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Unformatted text preview: CH 40: Basic Principles of Animal Form & Function • Natural selection favors variations that suit the animal to its environment. – Form fits function: fusiform body plan of aquatic animals aids movement through water variations in bill size & form due to differences in types of prey that are eaten – Physical laws limit animal form & size • Body size of animals affected by constraints on skeletal structure & the amount of musculature to move limbs. • Form & function are examined by studying the anatomy of structures & their physiology (how they function) Exchange with the Environment Limits an Animal’s Body Plan • Exchange = movement of dissolved solutes across plasma membrane of cells; recall: rate of exchange ∝ surface area amount of material exchanged ∝ volume Unicellular forms: direct exchange with outside environment Multicellular forms: all cells must have access to a suitable aqueous environment; those with a simpler body plan enables exchange between its cells & the external environment. single cell Body cavity is open to external environment; fluid bathes inner cells • Large, multicellular animals: surface area to volume ratio becomes an issue solution? – Internal body comprised of highly branched & folded surfaces (tissues) to facilitate exchange. – Outer surface serves to protect these internal structures & provide form to the body. • Body fluids (interstitial fluid) surround Microvilli of intestine cells; exchange between circulatory fluid (blood) & interstitial fluid enables body cells to gain nutrients & rid waste. Network of tubules in the lungs & kidneys Hierarchy of Body Plan Organization • Cells Tissues Organs Organ Systems – Emergent properties via successive levels of organization – Organs comprised of multiple tissues each possessing unique physiological functions. – Organ systems: each “part” has a specific role that together with the other “parts” complete a particular function. • mouth, esophagus, stomach, accessory organs, intestines, & anus of the digestive system • The specialization of complex body plans is based on various combinations of particular cell and tissue types: – – – – Epithelial tissue Connective tissue Muscle tissue Nervous tissue Tissues: all four types present in stomach Sheets of cells: covers outer body; lines inner cavities & organs. Secretion & Absorption Densely packed (tight junctions) Bind, support, protect other tissues. Cells embedded in an extracellular matrix of fibers (collagen, elastin) Types: Loose & Fibrous connective tissue, Cartilage, Bone, Blood, Adipose Responsible for body movements; large energy consumer in the body. Cardiac, skeletal, smooth muscle types Detect stimuli & transmit information via electrochemical signals (nerve impulses) Neurons & Glial cells Coordination of Body Function • Communication with & coordination of tissue, organ & organ system functions occur via the endocrine system and nervous system • Endocrine system: hormone release in response to stimulus; hormones interact with target cells. – Slower acting; control gradual changes that affect the body: growth & development, digestion, metabolism • Nervous system: direct communication with specific tissues, organs via nerve impulses through neurons; much faster than endocrine system. Feedback Loops Maintain the Internal Environment • Animals either conform or regulate their internal environment in response to external conditions. – Regulator: utilizes internal control mechanisms to regulate internal changes to the surrounding environment: example ‐ body temperature control of a mammal maintain constant body temp regardless of external temperature. – Conformer: internal conditions conform to the external conditions Example ‐ temperature response of fish body temp conforms to external temp of water – The same animal may conform to certain conditions, while regulating others. Homeostasis: Regulating Physiological Systems • Homeostasis is the maintenance of constant internal conditions in the body. – Information required to determine what action is required – The basic concept of this control is shown: Homeostatic range Parameter out of range serves as a stimulus corrective action needed “error signal” Upper & Lower Set points Feedback information: in range or out of range? Sensor detects stimulus Response: physiological activity triggered to return system to set point range Homeostasis relies mainly on negative feedback to reduce the stimulus. Temperature Control by Negative Feedback error temperature set point error Deviate from set point: error signal Correct deviation and reverse to return to the set point (negative feedback). Physiological responses to stimuli are not instantaneous; homeostasis reduces (but does not eliminate) changes in the internal environment. Positive feedback mechanisms act by amplifying the stimulus rather than reducing it. Form & Function Combine to Regulate Internal Temperature (thermoregulation) • Thermoregulation is critical to survival as biochemical & physiological processes are sensitive to changes in body temperature – Proteins and membranes have altered function outside their optimal temperature ranges. • The external environment & internal metabolism provide sources of heat for thermoregulation: – Endotherms rely on internal metabolic heat production • Mammals, birds • Maintain constant body temperature over a wide temperature range – Ectotherms depend on external heat sources • Amphibians, lizards, snakes, turtles, many fishes, most invertebrates • Consume less food, and can tolerate wide fluctuations in internal body temperature; rely on behavioral mechanisms (seek shade or sunlight to cool or warm themselves) – Endothermy/Ectothermy are not mutually exclusive Balancing Heat Loss & Gain • Heat source vs. Body Temperature – Poikilotherms: animals whose body temperature varies with the environment. – Homeotherms maintain a relatively constant body temperature – No fixed relationship between heat source (ectotherm, endotherm) & body temperature (poikilotherm, homeotherm) Some ectotherms can be homeothermic & some endotherms can periodically behave as poikilotherms (e.g., hibernating mammals) • Thermoregulation is based on controlling exchange of heat with the environment. Heat exchange occurs via four processes: – – – – Radiation Conduction Convection Evaporation • Heat transfer: heat flows from warmer to cooler object • Animals must balance heat gain & heat loss: Heat gain by a body due to Heat loss by emitted radiation a body due metabolism + convection to these + absorbed = + conduction radiation processes + evaporation heatin = heatout • Animals possess adaptations that reduce overall heat exchange or favor heat exchange in a particular direction. – Mechanisms in mammals (endotherms) often involve the skin, part of the integumentary system – Adaptations: Insulation: fur, feathers, & fat reduces flow of heat out of the body Vasodilation: increases the diameter of blood vessels in the skin, ↑ blood flow, ↑ transfer of body heat to environment Vasoconstriction: ↓ blood flow to skin, ↓ transfer of body heat to environment Adaptations to Control Heat Exchange (continued) • Counter current heat exchanger: – Reduces heat loss to environment – Heat passes from vessels carrying warmed blood to those carrying cooler blood. – Countercurrent arrangement maintains heat transfer along entire length of exchanger. – Occurs in fish, aquatic birds, mammals • Cooling by evaporative heat loss: – Heat gain by endotherms can be offset by evaporative cooling: terrestrial animals lose water by evaporation across the skin or by breathing. Water absorbs considerable heat when it vaporizes. – Adaptations: sweating and panting • Behavioral responses: – Seek sun, shade, or huddle close together; orient body to maximize heat absorption or heat loss. Adaptations to Control Heat Exchange (continued) • Adjustment of Metabolic Heat Production – Endotherms generally maintain body temps > external environment; must offset constant heat loss by varying heat production – As external temperature becomes cooler: body heat loss is greater, thus the body must generate more heat to offset the loss • Thermogenesis (heat production): increase by moving or muscle shivering; brown fat – mitochondria in this tissue generates heat rather than ATP. • Some ectotherms: can induce shivering response & blood vessel dilation/constriction response. • Acclimitization: homeostatic adjustment to changes in exter‐ nal environment – Thermoregulatory adjustments to changes in seasonal temperatures: Thicker coat of fur in winter, shed in summer Cellular level: enzyme variants with same function, but optimized for particular temperatures; production of “antifreeze” molecules; saturation/unsaturation of membrane lipids. Physiological Thermostats of Endotherms • Feedback mechanisms of mammals regulate body temperature. – Hypothalamus: sensor that controls thermoregulation. (the thermostat) – Warm receptors signal hypothalamus when temp ↑ • Initiate cooling mechanisms: vasodilation, sweating – Cold receptors signal hypothalamus when temp ↓ • Initiate cooling mechanisms: vasoconstriction, shivering, ↑metabolic heat production • Fever: elevated body temperature rise due to a temporary increase in the hypothalamic set point. Energy Requirements • Animals utilize food sources to obtain energy to fuel metabolic processes and carry out various activities. – How much energy is need to stay alive? Measurement of metabolic rate (O2 consumed, CO2 released, heat produced) – Basal Metabolic Rate (BMR): minimum metabolic rate to sustain vital processes (for an organism at rest, not growing, & not eating) • Endotherm: 1600‐1800 kcal/day (adult human male) – Standard Metabolic Rate (SMR): minimum metabolicrate for an ectotherm taken at a specific temperature • 60 kcal/day (alligator @ 20⁰C); (compare with endotherm value above) • Metabolic Rate vs. Size – Among various sized animals, metabolic rate increases with body size – In terms of BMR per kg of tissue vs. body size, the relationship is inversed smaller animals have higher BMR per kg tissue than larger ll ones. • The relationship of metabolic rate to size affects the energy consumption by an organism – Higher rate of calorie consumption required for smaller animals to maintain each gram of body weight. = higher breathing rate & heart rate, constantly foraging for food. • Activity increases metabolic rate above the BMR or SMR – Average daily rate of energy usage = 2‐4xBMR/SMR for most animals [humans: 1.5xBMR] • Energy conservation: response to extreme temperatures, or lack of food. – Torpor: short‐term reduction in activity & lowering of metabolic rate – Hibernation: longer‐term torpor Summary • The size & shape (form) of an animal affect how it interacts with the environment. – Physical laws place limits on the extent of animal form and size – Natural selection favors variations that fit organisms to their environment – Studying anatomy & physiology reveals how these adaptations work. • Exchange with the environment – Internal organization changes to facilitate optimal exchange as organism becomes more complex (single cell v multicellular) • Organization: cells tissues organs organ systems – tissue types: nervous, muscle, epithelial, & connective • Homeostasis & control via feedback loops • Thermoregulation (endothermy & ectothermy) – Adaptations for thermoregulation • Energy & Metabolic rate ...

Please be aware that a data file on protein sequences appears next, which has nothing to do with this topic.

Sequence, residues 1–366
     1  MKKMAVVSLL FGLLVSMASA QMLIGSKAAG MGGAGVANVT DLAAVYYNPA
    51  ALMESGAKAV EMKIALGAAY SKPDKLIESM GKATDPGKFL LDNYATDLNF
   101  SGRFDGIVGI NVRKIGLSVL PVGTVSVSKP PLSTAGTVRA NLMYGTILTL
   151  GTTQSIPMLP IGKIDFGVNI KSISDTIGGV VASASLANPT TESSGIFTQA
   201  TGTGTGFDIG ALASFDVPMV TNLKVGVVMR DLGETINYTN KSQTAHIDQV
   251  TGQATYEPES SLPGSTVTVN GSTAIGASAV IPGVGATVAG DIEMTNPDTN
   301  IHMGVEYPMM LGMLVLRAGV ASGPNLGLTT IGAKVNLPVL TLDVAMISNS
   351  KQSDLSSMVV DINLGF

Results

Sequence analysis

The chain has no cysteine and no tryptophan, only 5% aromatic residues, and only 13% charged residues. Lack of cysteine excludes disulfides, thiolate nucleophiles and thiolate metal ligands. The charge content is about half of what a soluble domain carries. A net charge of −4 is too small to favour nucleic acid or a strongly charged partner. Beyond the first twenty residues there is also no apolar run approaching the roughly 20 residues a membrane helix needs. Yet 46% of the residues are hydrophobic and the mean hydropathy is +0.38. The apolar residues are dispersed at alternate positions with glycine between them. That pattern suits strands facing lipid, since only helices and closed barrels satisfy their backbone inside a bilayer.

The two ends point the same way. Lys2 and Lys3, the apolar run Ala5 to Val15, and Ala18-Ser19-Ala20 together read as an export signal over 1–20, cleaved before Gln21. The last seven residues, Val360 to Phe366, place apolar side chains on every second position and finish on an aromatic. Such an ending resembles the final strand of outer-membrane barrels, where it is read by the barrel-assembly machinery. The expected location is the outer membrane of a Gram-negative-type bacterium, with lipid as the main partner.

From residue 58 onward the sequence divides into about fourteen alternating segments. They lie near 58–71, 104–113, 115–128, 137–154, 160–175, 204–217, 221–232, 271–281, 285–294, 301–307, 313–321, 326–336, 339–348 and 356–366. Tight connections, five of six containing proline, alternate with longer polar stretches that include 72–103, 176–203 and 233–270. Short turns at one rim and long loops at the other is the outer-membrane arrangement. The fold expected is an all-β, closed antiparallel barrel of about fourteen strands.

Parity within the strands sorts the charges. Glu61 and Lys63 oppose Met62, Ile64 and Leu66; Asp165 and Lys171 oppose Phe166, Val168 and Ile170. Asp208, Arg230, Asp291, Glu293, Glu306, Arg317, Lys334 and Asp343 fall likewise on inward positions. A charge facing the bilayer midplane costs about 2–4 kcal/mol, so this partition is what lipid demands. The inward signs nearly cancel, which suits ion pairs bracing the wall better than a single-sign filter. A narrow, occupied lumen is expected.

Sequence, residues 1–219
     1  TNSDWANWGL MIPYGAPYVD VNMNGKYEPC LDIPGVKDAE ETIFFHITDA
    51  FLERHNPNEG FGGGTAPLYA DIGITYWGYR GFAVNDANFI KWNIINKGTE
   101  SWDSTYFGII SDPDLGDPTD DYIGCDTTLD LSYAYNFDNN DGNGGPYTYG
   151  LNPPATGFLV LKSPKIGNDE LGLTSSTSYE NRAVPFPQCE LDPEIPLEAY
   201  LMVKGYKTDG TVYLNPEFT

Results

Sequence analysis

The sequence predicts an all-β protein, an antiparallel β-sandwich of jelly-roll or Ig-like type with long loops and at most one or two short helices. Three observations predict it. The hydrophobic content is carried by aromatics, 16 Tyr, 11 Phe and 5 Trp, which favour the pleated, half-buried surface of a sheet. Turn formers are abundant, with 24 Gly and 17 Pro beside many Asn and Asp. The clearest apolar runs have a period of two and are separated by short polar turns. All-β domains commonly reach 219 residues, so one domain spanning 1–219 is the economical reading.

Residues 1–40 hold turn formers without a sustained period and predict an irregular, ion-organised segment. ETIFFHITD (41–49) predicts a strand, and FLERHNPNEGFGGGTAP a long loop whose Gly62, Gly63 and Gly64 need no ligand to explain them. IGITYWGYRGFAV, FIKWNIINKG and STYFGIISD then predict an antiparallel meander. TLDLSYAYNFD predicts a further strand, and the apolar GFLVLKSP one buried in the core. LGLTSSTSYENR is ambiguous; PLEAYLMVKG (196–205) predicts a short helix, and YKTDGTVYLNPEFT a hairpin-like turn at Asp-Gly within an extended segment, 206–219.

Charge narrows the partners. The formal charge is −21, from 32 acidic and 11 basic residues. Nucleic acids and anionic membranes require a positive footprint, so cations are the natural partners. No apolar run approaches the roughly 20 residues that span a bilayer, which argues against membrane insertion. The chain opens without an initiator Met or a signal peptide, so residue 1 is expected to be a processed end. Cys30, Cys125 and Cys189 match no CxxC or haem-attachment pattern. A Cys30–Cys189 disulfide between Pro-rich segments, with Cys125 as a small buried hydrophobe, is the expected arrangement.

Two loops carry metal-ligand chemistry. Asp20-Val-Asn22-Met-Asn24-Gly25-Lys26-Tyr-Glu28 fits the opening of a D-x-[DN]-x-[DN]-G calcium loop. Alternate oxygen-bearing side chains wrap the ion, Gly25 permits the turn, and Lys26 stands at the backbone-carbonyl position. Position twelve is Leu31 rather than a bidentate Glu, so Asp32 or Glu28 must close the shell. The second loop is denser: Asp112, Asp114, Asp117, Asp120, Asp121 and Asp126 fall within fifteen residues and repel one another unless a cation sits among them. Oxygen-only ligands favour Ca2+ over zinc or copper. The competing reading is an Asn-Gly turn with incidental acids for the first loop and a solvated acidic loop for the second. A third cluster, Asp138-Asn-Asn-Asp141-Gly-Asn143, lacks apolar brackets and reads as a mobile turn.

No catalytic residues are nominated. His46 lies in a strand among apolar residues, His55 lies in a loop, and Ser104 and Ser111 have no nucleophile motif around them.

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This note was uploaded on 04/23/2010 for the course BIOL 1361 taught by Professor Knapp during the Spring '05 term at University of Houston.